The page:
No response is going to win praise from every person, but epidemiologists, virologists, and infectious disease experts have prepared their whole careers for this moment. Political leaders must listen to them, follow their lead, and mold responses around their advice—otherwise we end up right where we are, with 25% of the world's COVID-19 cases and deaths, despite only being 5% of the world's population.

Thankfully, some governors are taking their public health responsibility seriously. Here's to the leaders who have stepped up and stood up in the face of resistance, allowing health professionals to guide the way and implementing protective policies accordingly, no matter how much or how loudly some people complain about it.

Courtesy of Verizon
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If someone were to say "video games" to you, what are the first words that come to mind? Whatever words you thought of (fun, exciting, etc.), we're willing to guess "healthy" or "mental health tool" didn't pop into your mind.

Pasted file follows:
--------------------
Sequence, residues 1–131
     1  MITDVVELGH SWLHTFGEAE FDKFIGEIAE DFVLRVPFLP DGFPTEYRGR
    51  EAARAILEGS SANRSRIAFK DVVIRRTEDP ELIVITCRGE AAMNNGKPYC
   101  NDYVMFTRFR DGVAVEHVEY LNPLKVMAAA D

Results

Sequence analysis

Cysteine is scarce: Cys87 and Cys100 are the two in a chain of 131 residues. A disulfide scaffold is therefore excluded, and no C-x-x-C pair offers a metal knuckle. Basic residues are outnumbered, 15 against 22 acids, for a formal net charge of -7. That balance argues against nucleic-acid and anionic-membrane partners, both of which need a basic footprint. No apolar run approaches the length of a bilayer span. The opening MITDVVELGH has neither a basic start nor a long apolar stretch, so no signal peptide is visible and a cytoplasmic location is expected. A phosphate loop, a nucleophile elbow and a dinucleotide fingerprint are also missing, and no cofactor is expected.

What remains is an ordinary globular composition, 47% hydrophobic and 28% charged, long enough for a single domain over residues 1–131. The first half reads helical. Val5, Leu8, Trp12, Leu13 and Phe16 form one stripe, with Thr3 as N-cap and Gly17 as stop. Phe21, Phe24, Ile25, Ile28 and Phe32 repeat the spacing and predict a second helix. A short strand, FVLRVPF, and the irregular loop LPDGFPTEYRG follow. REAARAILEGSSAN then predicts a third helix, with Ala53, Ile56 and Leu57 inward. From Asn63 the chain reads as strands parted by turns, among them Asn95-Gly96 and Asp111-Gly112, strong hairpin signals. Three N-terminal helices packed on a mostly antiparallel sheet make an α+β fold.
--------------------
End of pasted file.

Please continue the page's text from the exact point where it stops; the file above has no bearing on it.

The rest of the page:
And yet… it turns out they are. Especially for Veterans.

How? Well, for one thing, video games — and virtual reality more generally — are also more accessible and less stigmatized to veterans than mental health treatment. In fact, some psychiatrists are using virtual reality systems for this reason to treat PTSD.

Secondly, video games allow people to socialize in new ways with people who share common interests and goals. And for Veterans, many of whom leave the military feeling isolated or lonely after they lose the daily camaraderie of their regiment, that socialization is critical to their mental health. It gives them a virtual group of friends to talk with, connect to, and relate to through shared goals and interests.

In addition, according to a 2018 study, since many video games simulate real-life situations they encountered during their service, it makes socialization easier since they can relate to and find common ground with other gamers while playing.

This can help ease symptoms of depression, anxiety, and even PTSD in Veterans, which affects 20% of the Veterans who have served since 9/11.